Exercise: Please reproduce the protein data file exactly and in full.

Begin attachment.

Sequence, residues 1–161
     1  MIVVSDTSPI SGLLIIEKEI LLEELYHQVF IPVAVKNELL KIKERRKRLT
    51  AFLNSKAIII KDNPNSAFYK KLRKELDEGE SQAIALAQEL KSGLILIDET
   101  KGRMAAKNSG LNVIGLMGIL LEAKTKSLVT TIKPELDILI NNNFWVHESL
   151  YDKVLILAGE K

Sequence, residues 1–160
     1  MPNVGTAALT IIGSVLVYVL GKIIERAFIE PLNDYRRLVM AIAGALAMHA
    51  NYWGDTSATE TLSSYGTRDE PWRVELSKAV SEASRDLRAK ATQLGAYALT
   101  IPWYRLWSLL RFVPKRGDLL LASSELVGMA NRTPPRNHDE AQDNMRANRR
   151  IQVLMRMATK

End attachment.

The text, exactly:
Sequence, residues 1–161
     1  MIVVSDTSPI SGLLIIEKEI LLEELYHQVF IPVAVKNELL KIKERRKRLT
    51  AFLNSKAIII KDNPNSAFYK KLRKELDEGE SQAIALAQEL KSGLILIDET
   101  KGRMAAKNSG LNVIGLMGIL LEAKTKSLVT TIKPELDILI NNNFWVHESL
   151  YDKVLILAGE K

Sequence, residues 1–160
     1  MPNVGTAALT IIGSVLVYVL GKIIERAFIE PLNDYRRLVM AIAGALAMHA
    51  NYWGDTSATE TLSSYGTRDE PWRVELSKAV SEASRDLRAK ATQLGAYALT
   101  IPWYRLWSLL RFVPKRGDLL LASSELVGMA NRTPPRNHDE AQDNMRANRR
   151  IQVLMRMATK